Thread overview
Proper desctructor for an class containing dynamic array of objects
2 days ago
Mike
2 days ago
kinke
2 days ago
Rumbu
1 day ago
Marco de Wild
1 day ago
rumbu
1 day ago
XavierAP
2 days ago
Hi,

my name is Mike and I'm new to D (coming from a Javabackground) and for fun I'm trying to learn D now.
I created a simple class

class Block {

    int a, b;
    this() {}

}

And now I have a dynamic array of objects of this class in another class:

class Foo {

     Block[] array  = new Block[](10);

     this() {
       for (int i = 0; i < array.length; i++) {
          array[i] = new Block();
       }
     }
}

How would a proper destructor of class Foo look like?
Is it enough to set "array" to null? Or do I have to set every element of the array to null and then the array, or nothing of that at all because the garbage collecter collects it, if the reference to Foo is set to null?

2 days ago
On Thursday, 13 June 2019 at 16:08:52 UTC, Mike wrote:
> or nothing of that at all because the garbage collecter collects it, if the reference to Foo is set to null?

That. [The init loop can be shortened to `foreach (ref b; array) b = new Block();`.]
2 days ago
On Thursday, 13 June 2019 at 16:08:52 UTC, Mike wrote:
> How would a proper destructor of class Foo look like?
> Is it enough to set "array" to null? Or do I have to set every element of the array to null and then the array, or nothing of that at all because the garbage collecter collects it, if the reference to Foo is set to null?

Nothing at all, GC will take care. As long as your Block class doesn't create any system resources that must be discarded.


1 day ago
On Thursday, 13 June 2019 at 16:08:52 UTC, Mike wrote:
> Hi,
>
> my name is Mike and I'm new to D (coming from a Javabackground) and for fun I'm trying to learn D now.
> I created a simple class
>
> class Block {
>
>     int a, b;
>     this() {}
>
> }
>
> And now I have a dynamic array of objects of this class in another class:
>
> class Foo {
>
>      Block[] array  = new Block[](10);
>
>      this() {
>        for (int i = 0; i < array.length; i++) {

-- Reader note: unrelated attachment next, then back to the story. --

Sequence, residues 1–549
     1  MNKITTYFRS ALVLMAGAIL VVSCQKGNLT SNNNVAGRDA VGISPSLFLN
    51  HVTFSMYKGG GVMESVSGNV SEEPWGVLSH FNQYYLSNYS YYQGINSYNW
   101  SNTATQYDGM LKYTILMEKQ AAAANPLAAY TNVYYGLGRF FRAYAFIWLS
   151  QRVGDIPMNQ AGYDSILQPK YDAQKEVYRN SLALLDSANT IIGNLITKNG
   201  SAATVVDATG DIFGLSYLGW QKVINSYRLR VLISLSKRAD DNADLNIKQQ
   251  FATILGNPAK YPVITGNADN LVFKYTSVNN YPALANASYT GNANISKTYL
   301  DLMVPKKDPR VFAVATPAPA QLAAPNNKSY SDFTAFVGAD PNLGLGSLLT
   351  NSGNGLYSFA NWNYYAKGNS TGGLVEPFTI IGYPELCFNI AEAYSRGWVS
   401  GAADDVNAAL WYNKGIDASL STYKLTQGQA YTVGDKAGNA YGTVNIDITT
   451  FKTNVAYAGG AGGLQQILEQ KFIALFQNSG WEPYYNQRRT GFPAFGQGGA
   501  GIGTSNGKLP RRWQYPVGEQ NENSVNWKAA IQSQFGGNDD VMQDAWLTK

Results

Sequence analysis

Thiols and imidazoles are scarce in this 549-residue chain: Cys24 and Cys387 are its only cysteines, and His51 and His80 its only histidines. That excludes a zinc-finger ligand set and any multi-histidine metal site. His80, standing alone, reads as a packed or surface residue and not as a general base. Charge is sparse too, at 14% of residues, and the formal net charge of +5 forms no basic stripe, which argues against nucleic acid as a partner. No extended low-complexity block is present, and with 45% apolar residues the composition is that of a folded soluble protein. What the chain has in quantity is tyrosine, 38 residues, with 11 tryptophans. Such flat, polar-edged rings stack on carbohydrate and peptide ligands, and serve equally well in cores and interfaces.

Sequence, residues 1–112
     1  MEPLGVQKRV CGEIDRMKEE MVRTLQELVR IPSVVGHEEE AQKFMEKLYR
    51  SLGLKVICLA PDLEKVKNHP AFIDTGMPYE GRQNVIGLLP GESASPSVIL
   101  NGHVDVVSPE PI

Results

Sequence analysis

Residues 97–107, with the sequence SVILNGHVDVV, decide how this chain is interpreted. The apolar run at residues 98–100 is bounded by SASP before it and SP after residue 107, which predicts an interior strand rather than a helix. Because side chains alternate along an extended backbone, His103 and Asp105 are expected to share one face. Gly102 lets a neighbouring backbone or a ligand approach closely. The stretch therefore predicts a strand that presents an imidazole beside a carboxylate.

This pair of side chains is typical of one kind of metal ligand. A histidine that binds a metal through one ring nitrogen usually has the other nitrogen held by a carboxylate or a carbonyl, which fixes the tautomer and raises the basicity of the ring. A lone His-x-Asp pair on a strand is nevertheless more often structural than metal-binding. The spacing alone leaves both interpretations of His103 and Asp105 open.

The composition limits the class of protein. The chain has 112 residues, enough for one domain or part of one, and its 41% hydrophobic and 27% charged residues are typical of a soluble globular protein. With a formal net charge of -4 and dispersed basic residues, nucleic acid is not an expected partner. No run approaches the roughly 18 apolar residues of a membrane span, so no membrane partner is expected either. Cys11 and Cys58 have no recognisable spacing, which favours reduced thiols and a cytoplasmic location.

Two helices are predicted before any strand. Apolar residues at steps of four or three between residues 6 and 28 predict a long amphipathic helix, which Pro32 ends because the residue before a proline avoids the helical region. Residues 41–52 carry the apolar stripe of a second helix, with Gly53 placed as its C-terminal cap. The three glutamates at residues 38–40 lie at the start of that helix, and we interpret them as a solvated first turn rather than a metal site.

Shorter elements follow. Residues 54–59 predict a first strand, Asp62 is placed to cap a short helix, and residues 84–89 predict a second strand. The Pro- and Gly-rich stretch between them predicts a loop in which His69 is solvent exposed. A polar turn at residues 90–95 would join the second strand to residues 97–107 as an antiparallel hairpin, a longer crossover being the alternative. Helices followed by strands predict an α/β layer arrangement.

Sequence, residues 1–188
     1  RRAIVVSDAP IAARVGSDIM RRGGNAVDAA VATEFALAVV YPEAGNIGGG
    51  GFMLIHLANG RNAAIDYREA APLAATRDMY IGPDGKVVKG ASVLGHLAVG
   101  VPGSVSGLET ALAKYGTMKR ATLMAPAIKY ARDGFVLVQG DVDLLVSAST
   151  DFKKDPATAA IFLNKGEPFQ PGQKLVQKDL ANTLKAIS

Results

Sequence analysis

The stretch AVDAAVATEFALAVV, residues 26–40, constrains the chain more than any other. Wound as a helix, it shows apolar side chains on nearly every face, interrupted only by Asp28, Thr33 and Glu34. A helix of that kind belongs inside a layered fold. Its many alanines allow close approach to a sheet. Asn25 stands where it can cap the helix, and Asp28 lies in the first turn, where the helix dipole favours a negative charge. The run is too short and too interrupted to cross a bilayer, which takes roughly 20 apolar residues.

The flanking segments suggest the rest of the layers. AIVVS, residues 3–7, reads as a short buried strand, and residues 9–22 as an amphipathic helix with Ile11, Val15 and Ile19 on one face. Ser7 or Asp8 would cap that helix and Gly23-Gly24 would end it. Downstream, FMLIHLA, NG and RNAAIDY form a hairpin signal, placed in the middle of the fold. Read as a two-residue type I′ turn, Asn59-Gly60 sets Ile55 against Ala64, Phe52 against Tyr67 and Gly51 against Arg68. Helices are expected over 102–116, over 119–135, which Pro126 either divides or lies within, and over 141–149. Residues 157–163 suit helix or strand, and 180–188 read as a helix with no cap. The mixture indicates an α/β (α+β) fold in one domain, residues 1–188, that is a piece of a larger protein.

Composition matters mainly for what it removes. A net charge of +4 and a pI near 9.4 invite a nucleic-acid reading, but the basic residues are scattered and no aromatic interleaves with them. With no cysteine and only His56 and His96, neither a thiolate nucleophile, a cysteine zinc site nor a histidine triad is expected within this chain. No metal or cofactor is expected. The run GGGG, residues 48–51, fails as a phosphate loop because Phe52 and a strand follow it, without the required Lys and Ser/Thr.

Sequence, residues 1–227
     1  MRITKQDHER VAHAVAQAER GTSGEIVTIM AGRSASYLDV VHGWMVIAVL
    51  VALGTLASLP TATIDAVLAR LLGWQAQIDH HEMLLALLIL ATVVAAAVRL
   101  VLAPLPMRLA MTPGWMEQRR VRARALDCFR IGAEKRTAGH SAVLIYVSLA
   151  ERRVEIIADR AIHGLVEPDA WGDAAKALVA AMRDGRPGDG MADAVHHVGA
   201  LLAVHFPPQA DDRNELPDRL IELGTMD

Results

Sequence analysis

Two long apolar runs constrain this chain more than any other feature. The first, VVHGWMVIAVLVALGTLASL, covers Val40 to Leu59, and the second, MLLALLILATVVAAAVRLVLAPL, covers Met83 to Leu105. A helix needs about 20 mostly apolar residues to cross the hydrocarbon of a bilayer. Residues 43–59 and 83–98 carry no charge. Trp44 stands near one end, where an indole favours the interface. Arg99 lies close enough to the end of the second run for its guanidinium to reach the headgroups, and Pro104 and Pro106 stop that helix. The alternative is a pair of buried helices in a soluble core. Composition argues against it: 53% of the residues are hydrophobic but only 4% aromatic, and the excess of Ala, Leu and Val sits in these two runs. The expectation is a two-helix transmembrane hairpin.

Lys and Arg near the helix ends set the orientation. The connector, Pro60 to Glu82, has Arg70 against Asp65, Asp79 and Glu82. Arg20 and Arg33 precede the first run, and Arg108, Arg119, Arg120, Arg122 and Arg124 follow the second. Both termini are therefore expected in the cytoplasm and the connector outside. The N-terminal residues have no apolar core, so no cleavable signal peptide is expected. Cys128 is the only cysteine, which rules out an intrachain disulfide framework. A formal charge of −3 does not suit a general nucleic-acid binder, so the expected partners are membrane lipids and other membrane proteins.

>           array[i] = new Block();
>        }
>      }
> }
>
> How would a proper destructor of class Foo look like?
> Is it enough to set "array" to null? Or do I have to set every element of the array to null and then the array, or nothing of that at all because the garbage collecter collects it, if the reference to Foo is set to null?

Opposed to Java, D's member variables are static initialised. There is one default value for "array" that is shared between all instances of Foo. This allows for compiler optimisations of primitives (baking in a int value of 5 into the class definition, but gives unexpected behaviour for reference types.

https://run.dlang.io/is/UNp5Al

In this example, two instances of Foo are created. The constructor is run both times. However, they act on the same array object. So initialisation of the second Foo will modify references data of the first Foo. As a check, the first object of both Foos are compared by reference.

Java allows you to define a block of code in your class that is run on construction, e.g.
public class JavaClass {
    {
        doStuff();
    }
    int x = initializeX();
}
It makes for fun questions on things like OCA certificates. However, D doesn't allow that. All initialisation code is placed in the constructor, e.g.

this() {
    array = new Block[](10);
    // ...
}

(Of course you can call other methods from there. In fact, constructor rules are slightly relaxed compared to Java.)
1 day ago
On Friday, 14 June 2019 at 07:52:24 UTC, Marco de Wild wrote:
> On Thursday, 13 June 2019 at 16:08:52 UTC, Mike wrote:
> Opposed to Java, D's member variables are static initialised.

Is there any documentation about this? I find it unexpected.
1 day ago
On Friday, 14 June 2019 at 11:10:58 UTC, rumbu wrote:
> On Friday, 14 June 2019 at 07:52:24 UTC, Marco de Wild wrote:
>> On Thursday, 13 June 2019 at 16:08:52 UTC, Mike wrote:
>> Opposed to Java, D's member variables are static initialised.
>
> Is there any documentation about this? I find it unexpected.

https://dlang.org/spec/class.html#static-constructor

«All member initializations must be determinable by the compiler at compile time, hence there is no order-of-evaluation dependency for member initializations, and it is not possible to read a value that has not been initialized. Dynamic initialization is performed by a static constructor»